Service businesses that collaborate with many organizations tend to be less innovative — and less profitable — than those that work with a smaller number of partners.
Courtesy of Apple.
Today, businesses are often encouraged to collaborate widely; collaboration with other organizations that differ in size, age, capabilities and geographic location has been hailed as providing access to novel ideas and business opportunities. The idea is that companies can trade upon new, nonredundant information when working with a diverse range of exchange partners. But do benefits from such interactions materialize down the road?
Not always. In fact, a recent study we and Gaia Rubera of Michigan State University conducted found that service businesses dealing with a diverse set of business partners focused less on innovation and generated lower profits than counterparts with fewer partners. In contrast, businesses that committed to a smaller number of exchange partners had a significantly greater focus on the introduction of new service processes and products. Committed companies also were more efficient in turning new ideas into greater net profits later on.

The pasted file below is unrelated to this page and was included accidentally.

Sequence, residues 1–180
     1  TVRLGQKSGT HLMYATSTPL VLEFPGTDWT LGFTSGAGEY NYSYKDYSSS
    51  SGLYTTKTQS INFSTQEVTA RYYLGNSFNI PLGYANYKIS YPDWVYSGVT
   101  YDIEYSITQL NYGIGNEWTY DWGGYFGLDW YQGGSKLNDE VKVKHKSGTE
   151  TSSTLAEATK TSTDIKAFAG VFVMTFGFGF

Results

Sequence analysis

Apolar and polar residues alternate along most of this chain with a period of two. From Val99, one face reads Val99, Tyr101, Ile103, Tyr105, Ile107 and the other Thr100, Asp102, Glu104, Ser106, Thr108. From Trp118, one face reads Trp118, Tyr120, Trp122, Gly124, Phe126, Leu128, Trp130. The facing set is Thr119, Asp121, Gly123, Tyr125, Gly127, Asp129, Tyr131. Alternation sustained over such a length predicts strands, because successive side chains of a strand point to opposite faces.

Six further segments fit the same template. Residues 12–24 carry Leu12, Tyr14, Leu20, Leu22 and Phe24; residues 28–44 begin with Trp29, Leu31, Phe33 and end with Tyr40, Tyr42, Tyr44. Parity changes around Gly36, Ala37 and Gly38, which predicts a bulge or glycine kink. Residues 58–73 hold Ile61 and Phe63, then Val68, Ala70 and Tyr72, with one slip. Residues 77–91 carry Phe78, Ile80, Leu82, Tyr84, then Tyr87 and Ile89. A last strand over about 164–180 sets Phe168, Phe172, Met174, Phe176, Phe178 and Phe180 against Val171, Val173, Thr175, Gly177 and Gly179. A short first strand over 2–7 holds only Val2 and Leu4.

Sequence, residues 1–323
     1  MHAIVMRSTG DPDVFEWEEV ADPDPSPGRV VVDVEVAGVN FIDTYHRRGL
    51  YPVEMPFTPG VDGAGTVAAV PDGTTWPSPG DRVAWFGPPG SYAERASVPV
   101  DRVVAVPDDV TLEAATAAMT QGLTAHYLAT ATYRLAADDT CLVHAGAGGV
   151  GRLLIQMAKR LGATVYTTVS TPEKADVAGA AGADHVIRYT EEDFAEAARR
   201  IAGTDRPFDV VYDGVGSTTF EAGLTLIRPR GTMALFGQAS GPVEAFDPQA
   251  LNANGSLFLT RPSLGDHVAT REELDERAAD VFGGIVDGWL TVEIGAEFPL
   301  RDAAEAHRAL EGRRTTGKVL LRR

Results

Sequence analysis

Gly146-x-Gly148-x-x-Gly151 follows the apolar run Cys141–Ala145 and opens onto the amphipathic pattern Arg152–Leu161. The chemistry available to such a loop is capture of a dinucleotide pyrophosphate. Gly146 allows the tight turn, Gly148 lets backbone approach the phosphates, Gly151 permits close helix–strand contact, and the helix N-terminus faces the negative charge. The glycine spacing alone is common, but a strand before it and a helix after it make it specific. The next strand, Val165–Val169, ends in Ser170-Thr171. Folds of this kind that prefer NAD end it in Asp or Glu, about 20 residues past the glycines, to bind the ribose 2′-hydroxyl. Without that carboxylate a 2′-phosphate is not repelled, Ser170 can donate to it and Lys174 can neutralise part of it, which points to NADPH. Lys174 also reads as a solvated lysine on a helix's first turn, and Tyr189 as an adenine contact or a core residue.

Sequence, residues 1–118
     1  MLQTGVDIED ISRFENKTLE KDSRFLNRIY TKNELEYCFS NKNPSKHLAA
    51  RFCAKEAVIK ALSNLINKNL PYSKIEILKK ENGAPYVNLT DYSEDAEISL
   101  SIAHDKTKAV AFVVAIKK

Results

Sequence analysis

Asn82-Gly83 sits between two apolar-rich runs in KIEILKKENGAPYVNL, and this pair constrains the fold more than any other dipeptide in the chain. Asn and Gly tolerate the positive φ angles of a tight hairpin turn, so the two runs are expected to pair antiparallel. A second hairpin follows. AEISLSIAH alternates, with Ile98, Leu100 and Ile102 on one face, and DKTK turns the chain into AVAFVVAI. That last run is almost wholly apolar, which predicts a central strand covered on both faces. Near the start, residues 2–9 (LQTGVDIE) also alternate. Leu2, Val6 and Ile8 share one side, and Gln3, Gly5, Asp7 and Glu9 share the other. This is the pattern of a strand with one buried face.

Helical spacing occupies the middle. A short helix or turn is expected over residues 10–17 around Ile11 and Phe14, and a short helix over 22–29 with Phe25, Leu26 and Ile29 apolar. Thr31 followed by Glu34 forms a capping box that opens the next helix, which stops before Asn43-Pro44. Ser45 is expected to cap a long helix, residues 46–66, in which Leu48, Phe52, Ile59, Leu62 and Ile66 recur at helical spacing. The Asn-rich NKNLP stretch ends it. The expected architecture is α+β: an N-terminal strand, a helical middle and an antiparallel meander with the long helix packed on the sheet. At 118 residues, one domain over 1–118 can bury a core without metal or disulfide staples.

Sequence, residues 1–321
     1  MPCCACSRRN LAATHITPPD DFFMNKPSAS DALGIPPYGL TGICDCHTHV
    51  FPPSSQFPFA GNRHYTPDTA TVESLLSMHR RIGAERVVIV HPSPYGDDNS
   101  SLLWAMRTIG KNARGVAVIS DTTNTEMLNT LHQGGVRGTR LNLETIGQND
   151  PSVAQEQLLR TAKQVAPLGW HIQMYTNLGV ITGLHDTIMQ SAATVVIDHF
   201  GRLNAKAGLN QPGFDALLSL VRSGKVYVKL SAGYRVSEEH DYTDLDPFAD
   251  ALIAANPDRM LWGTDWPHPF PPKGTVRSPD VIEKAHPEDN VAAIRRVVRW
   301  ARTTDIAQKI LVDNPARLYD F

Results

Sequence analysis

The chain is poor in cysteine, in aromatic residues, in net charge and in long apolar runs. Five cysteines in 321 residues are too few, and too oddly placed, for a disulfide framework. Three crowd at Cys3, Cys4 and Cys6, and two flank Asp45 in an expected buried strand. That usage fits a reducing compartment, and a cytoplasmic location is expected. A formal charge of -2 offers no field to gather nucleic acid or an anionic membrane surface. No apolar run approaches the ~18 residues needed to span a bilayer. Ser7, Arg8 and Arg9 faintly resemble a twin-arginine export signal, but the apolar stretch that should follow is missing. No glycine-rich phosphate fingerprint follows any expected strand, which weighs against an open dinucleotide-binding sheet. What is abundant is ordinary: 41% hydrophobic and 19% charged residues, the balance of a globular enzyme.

We conducted 152 in-depth interviews with service company managers across different industries on the U.S. east coast and throughout the United Kingdom and Germany.